Physician Burnout – 3 Factors

 In Naturopathic News

Node Smith, ND

“It should be a treat to care about another person. Doctors have a wonderful job, yet they are inundated with numerous extraneous burdens that collectively rob them of the joy of medicine.” Andrew G. Alexander

Recent article cites physician burnout has increased nearly 10 percent in 3 years

A recent article cites that physician burnout has increased nearly 10 percent in the last 3 years.1 The article, authored by doctors from the University of California Riverside School of Medicine points out that “doctors aren’t depressed or less content at home. . . They’re less happy at work.”

3 primary factors thought to perpetuate this phenomenon

The paper, published in the August 2018 issue of the American Journal of Medicine lists 3 primary factors that are thought to perpetuate this phenomenon of physician burnout:

  • The doctor-patient relationship has been morphed into an insurance company-client relationship that imposes limitations upon the treatment doctors can provide to the insurance company’s members.
  • Feelings of cynicism (resulting from patients no longer expecting continuity of care and routinely changing doctors).
  • Lack of enthusiasm for work.

Conclusions have been derived from comparing data from 2011-14

These conclusions have been derived from comparing data from 2011-14 on physician burnout and work-life satisfaction. Emergency medicine, pediatrics, internal medicine and family medicine have the highest rates of burnout.

Additionally, 4 changes in medical practice occurred between 2011 and 2014

In addition to the 3 factors above, there are also 4 changes in medical practice that occurred between 2011 and 2014 that are thought to have led to this increase in burnout. These are the purchase of medical groups by hospitals, increases in drug prices, the “pay for performance” aspect of the Affordable Care Act, and mandated electronic health records.

Article concentrates attention on electronic health record (EHR) mandate

The article concentrates attention on this electronic health record (EHR) mandate. A quote by one of the lead authors explains how EHR’s “snuck up on the medical community.”

“At first, they were accepted because of the promises of chartless offices, initial government subsidies, interconnectivity between health care sites, availability of records from home, faster charting, e-prescribing direct to the pharmacy, and higher physician pay for computer-cloning the federal government’s bullet-point reimbursement formula,” he said. “When the subsidies ran out and the promises turned into extra cost, less time with patients, time at home finishing EHR records, unreadable and meaningless cloned patient notes, HIPAA-restricted access to outside records, and government penalties for not ‘mining’ patient data that cost money to input, doctors became overworked robots.”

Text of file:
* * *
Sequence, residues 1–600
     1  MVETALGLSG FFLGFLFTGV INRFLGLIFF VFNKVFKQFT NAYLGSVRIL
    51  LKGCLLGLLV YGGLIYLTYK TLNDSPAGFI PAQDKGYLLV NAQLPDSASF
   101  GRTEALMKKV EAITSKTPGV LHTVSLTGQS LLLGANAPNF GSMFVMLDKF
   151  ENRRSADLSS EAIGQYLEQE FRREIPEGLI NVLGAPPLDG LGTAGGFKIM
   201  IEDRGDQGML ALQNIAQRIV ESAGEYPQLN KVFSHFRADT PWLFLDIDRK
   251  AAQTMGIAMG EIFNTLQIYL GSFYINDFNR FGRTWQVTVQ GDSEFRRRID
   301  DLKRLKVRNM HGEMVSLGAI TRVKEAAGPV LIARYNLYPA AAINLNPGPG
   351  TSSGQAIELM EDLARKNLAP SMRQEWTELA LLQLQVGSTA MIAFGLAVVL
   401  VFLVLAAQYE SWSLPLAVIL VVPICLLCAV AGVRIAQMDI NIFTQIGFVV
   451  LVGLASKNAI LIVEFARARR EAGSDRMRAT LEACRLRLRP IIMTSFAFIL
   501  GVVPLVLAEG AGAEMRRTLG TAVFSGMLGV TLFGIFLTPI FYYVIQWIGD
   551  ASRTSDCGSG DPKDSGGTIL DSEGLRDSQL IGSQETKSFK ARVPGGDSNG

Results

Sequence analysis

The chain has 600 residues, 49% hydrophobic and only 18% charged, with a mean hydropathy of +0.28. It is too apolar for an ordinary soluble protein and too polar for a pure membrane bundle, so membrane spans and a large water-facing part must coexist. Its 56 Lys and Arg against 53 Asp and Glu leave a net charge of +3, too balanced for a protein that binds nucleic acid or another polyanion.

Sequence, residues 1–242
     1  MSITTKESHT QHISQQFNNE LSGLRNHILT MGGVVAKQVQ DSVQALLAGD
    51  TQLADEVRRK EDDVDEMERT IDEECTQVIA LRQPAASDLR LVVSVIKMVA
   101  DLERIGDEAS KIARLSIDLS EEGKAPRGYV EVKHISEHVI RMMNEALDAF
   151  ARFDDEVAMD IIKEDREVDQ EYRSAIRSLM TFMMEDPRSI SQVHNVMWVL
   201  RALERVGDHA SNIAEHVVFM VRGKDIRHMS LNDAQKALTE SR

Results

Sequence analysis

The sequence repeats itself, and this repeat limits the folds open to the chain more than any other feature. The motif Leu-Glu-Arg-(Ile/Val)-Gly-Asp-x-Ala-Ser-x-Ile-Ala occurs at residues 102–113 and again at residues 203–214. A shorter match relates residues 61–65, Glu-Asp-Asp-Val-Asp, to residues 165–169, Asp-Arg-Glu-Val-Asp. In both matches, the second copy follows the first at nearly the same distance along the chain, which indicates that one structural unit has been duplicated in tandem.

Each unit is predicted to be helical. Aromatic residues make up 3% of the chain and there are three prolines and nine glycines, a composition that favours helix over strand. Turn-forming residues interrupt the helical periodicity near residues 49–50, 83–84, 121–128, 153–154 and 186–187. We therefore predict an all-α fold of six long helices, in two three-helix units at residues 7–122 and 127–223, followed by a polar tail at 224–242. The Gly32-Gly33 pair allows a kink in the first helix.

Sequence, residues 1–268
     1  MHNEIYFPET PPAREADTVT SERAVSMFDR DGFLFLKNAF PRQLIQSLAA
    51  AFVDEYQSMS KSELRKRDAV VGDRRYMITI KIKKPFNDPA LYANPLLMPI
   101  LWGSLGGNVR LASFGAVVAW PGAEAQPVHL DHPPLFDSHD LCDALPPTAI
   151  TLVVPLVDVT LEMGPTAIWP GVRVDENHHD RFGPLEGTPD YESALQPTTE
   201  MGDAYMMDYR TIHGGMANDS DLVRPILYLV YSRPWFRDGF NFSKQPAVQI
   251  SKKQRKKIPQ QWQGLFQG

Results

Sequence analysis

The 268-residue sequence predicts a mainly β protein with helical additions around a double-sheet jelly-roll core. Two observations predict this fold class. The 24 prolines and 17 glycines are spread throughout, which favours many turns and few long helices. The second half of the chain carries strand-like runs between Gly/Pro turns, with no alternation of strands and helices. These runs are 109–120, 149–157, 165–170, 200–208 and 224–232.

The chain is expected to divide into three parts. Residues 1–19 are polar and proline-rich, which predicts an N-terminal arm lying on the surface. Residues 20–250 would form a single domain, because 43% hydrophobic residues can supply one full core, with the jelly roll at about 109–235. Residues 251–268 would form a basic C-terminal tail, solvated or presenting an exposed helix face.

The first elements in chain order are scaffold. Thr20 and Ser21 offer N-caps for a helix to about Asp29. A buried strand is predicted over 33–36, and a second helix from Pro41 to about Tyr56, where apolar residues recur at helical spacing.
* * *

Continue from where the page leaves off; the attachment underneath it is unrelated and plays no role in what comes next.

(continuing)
EHRs are not going away, but they need to take a back seat

The article points out that EHRs are not going away, but they need to take a back seat to the patient-doctor relationship. The EHR doesn’t have to be the focus of the patient’s visit. There is a push to oppose EHRs that replace patient time, as well as use billing diagnoses instead of patient assessments. Furthermore, the templates need to be useful and meaningful for patient care.

Source:

  1. Alexander AG, Ballou KA. Work-Life Balance, Burnout, and the Electronic Health Record. Am J Med. 2018;131(8):857-858.
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Node Smith, ND, is a naturopathic physician in Portland, OR and associate editor for NDNR. He has been instrumental in maintaining a firm connection to the philosophy and heritage of naturopathic medicine among the next generation of docs. He helped found the first multi-generational experiential retreat, which brings elders, alumni, and students together for a weekend camp-out where naturopathic medicine and medical philosophy are experienced in nature. Four years ago he helped found the non-profit, Association for Naturopathic ReVitalization (ANR), for which he serves as the board chairman. ANR has a mission to inspire health practitioners to embody the naturopathic principles through experiential education. Node also has a firm belief that the next era of naturopathic medicine will see a resurgence of in-patient facilities which use fasting, earthing, hydrotherapy and homeopathy to bring people back from chronic diseases of modern living; he is involved in numerous conversations and projects to bring about this vision.

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